Taiwan is a leader in Asia in spiritual care, integrating medicine and religion to ease the fear of death for terminally ill patients.

When a Japanese group of Buddhist priests and others recently visited a hospital for hospice care run by the Tzu Chi Foundation, an international Buddhist humanitarian organization, in New Taipei City, they heard a Buddhist sutra being quietly chanted in a room.

“A patient has passed away,” said a hospital official accompanying the group.

“Buddhism bans a dead person from being moved for eight hours after death,” said Cheng Chih Ming, a professor of thanatology at Fu Jen Catholic University. Buddhist sutras are chanted so those who have passed away can achieve a peaceful mind, he said.

Members of the group were surprised because sutra chanting is almost never heard at hospitals in Japan.

Special rooms for religious chants to console the dead are increasing at hospitals in Taiwan because the number of people dying in hospitals rather than at home has been increasing, as in Japan.

While Taiwan has a large population of Buddhists, Taoism, a native Chinese religion, is widely followed as well, according to Cheng. Chanting for Taoists begins even before a patient’s death.

The Japanese group was allowed to watch a Taoist ritual for dying patients at the university. In the demonstration, a man and two women played traditional percussion instruments and chanted at the foot of a doll, which was used in place of a dying person.

The ritual is designed to “eliminate the fear of death for a dying person and ease the sorrow of the bereaved,” the person who managed the ritual said.

Since 1995, National Taiwan University Hospital in Taipei has maintained a hospice facility where three Buddhist priests work to help terminally ill patients prepare for death.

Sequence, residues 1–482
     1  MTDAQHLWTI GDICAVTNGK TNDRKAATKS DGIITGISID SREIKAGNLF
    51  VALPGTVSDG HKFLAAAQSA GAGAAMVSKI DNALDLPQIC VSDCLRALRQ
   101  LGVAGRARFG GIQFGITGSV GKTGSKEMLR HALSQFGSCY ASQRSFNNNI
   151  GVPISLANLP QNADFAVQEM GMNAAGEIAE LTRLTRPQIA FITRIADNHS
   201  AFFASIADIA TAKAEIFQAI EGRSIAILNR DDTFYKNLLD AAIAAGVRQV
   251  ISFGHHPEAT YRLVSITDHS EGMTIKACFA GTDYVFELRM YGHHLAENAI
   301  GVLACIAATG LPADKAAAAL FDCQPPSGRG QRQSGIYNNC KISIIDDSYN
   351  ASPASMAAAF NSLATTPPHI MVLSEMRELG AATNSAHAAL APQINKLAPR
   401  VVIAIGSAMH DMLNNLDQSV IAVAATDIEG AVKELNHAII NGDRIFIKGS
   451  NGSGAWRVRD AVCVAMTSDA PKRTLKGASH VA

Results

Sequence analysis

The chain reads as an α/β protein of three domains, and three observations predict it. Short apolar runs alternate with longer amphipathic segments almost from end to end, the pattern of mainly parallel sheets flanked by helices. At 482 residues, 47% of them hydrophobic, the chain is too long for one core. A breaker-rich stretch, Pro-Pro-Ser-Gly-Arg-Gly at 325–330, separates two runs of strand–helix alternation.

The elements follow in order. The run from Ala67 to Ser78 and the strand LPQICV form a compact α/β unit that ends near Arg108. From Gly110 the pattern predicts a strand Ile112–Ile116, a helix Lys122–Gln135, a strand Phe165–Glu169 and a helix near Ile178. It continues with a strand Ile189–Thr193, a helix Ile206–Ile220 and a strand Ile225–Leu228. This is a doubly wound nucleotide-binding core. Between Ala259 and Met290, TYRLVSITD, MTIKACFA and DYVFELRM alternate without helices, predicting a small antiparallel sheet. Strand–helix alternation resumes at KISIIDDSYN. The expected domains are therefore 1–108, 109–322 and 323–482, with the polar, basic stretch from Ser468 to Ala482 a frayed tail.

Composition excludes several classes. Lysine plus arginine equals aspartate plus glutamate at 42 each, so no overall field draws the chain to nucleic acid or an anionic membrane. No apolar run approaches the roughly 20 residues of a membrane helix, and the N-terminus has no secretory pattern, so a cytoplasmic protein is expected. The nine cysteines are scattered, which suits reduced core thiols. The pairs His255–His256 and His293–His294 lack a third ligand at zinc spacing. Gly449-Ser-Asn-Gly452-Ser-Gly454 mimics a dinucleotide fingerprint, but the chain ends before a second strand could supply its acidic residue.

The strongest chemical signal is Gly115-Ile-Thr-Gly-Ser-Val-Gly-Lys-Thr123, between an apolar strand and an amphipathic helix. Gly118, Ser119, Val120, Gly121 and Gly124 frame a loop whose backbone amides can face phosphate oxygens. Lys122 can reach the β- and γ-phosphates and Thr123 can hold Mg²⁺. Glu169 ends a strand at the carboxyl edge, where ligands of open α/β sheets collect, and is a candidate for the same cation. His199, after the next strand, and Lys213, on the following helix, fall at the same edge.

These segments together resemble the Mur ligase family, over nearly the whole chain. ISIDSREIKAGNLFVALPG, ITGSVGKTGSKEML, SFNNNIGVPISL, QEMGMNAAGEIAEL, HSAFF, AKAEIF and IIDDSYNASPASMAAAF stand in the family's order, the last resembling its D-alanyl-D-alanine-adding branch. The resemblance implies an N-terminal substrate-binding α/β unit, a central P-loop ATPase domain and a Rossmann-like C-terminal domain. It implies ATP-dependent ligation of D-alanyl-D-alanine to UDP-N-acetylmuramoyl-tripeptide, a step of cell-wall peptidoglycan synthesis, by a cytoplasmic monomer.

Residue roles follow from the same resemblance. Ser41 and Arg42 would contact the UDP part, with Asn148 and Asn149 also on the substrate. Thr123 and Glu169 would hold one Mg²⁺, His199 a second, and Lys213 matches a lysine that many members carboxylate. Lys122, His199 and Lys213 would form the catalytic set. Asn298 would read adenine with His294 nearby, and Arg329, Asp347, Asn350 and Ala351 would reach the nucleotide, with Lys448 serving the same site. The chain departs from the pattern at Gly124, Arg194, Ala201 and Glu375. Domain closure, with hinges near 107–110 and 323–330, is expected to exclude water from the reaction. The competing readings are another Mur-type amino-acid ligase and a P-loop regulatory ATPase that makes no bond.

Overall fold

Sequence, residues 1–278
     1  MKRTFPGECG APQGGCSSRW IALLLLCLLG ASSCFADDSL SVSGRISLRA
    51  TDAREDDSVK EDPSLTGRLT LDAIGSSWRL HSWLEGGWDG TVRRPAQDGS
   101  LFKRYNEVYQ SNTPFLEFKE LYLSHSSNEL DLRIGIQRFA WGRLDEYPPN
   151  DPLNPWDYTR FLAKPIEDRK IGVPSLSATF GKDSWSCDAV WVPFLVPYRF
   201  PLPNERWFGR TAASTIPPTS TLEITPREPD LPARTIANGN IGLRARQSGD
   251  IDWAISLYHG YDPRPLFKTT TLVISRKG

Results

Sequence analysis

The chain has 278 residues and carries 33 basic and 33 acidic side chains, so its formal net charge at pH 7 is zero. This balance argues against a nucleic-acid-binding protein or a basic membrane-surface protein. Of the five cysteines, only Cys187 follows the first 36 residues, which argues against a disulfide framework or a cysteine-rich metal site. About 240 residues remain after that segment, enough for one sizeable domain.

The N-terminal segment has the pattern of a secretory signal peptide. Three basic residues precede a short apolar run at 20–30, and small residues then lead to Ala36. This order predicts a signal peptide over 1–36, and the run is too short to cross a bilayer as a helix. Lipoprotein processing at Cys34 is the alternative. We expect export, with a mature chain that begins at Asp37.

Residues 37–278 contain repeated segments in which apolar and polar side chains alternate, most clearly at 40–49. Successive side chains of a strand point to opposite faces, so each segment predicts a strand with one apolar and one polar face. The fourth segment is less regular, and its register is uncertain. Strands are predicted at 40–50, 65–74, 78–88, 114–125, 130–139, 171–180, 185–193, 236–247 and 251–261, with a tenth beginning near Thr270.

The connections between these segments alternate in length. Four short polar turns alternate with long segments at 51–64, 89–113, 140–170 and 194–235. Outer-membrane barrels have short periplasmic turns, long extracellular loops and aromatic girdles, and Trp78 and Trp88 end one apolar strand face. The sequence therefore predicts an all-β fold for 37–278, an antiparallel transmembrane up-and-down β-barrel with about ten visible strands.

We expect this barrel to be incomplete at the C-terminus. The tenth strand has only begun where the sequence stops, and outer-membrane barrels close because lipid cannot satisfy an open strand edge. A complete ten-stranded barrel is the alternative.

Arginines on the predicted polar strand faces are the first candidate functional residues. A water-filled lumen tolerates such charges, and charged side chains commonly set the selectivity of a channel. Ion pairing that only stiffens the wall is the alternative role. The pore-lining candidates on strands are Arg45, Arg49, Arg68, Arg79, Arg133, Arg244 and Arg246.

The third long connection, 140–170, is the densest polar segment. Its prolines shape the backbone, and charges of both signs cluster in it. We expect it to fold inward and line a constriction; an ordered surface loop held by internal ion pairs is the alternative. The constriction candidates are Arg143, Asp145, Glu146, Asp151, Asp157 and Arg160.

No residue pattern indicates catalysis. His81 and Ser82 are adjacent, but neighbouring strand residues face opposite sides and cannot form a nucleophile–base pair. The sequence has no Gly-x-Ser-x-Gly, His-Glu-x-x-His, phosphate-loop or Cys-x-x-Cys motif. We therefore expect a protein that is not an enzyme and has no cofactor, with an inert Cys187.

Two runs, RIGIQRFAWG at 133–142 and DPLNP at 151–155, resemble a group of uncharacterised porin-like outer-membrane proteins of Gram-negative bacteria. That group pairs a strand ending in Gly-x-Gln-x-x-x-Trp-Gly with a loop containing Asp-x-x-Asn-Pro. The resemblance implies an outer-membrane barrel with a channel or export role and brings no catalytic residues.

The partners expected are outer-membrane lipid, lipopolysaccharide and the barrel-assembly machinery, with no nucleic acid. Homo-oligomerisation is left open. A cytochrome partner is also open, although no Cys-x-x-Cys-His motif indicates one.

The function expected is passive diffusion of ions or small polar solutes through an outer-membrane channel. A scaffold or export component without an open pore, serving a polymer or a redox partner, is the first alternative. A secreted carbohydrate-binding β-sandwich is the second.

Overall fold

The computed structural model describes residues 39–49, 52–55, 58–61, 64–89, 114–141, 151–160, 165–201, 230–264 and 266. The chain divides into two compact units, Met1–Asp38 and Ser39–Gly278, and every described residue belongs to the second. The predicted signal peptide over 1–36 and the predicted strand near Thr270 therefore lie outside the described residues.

“When I enter a room, a patient grabs my hand and asks for help,” one of the priests said. “My care begins when I grab back his or her hand.”

The female priest also said that as patients have different religious faiths, mental care services are offered in accordance with their beliefs, in the same way that chaplains do in Western society.

“If asked, I read the Bible,” she said.

In Taiwan, hospice care started at a Christian hospital in 1990, and there are more than 70 such facilities in operation today. Buddhist priests and other religious workers at hospice facilities are also increasing.

Dharma Drum Buddhist College, a leading institute that trains such workers, has been trying to fit hospice theories developed in the West, with care needed by Taiwanese so as to help patients meet a “good death,” said Huimin Bhikshu, president of the college and a top theorist on hospice care in Taiwan.

Huimin, who has a doctor of letters degree from the University of Tokyo, showed video footage of a man about 40 hours before his death.

The man, who appeared to be in his 40s, lay on a hospital bed and exchanged last words with family members. Huimin, wearing a priest’s robe, stood next to the bed, with a tender smile on his face.

Those present seemed to share Huimin’s belief, based on his long experience of integrating Buddhism with hospice care, that “death is natural.”

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